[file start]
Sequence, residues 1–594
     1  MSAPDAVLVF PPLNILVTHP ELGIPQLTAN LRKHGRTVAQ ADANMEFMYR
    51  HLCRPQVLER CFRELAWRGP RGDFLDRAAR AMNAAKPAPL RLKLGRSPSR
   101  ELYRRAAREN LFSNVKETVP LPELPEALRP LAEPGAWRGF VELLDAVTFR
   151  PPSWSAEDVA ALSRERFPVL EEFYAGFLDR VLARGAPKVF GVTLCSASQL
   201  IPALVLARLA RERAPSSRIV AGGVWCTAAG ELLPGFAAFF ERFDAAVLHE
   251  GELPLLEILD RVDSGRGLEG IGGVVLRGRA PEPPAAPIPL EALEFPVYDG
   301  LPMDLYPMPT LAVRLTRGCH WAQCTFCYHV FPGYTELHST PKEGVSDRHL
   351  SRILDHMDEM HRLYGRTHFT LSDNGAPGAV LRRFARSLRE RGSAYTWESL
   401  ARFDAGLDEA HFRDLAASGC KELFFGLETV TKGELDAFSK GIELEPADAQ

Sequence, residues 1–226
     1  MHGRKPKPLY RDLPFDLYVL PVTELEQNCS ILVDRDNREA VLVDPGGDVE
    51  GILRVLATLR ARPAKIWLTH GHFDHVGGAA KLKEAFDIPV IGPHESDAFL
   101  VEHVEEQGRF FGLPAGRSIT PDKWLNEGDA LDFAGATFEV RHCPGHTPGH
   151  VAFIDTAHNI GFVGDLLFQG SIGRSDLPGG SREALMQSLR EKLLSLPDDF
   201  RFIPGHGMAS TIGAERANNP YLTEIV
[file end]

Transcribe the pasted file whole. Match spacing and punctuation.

Sequence, residues 1–594
     1  MSAPDAVLVF PPLNILVTHP ELGIPQLTAN LRKHGRTVAQ ADANMEFMYR
    51  HLCRPQVLER CFRELAWRGP RGDFLDRAAR AMNAAKPAPL RLKLGRSPSR
   101  ELYRRAAREN LFSNVKETVP LPELPEALRP LAEPGAWRGF VELLDAVTFR
   151  PPSWSAEDVA ALSRERFPVL EEFYAGFLDR VLARGAPKVF GVTLCSASQL
   201  IPALVLARLA RERAPSSRIV AGGVWCTAAG ELLPGFAAFF ERFDAAVLHE
   251  GELPLLEILD RVDSGRGLEG IGGVVLRGRA PEPPAAPIPL EALEFPVYDG
   301  LPMDLYPMPT LAVRLTRGCH WAQCTFCYHV FPGYTELHST PKEGVSDRHL
   351  SRILDHMDEM HRLYGRTHFT LSDNGAPGAV LRRFARSLRE RGSAYTWESL
   401  ARFDAGLDEA HFRDLAASGC KELFFGLETV TKGELDAFSK GIELEPADAQ

Sequence, residues 1–226
     1  MHGRKPKPLY RDLPFDLYVL PVTELEQNCS ILVDRDNREA VLVDPGGDVE
    51  GILRVLATLR ARPAKIWLTH GHFDHVGGAA KLKEAFDIPV IGPHESDAFL
   101  VEHVEEQGRF FGLPAGRSIT PDKWLNEGDA LDFAGATFEV RHCPGHTPGH
   151  VAFIDTAHNI GFVGDLLFQG SIGRSDLPGG SREALMQSLR EKLLSLPDDF
   201  RFIPGHGMAS TIGAERANNP YLTEIV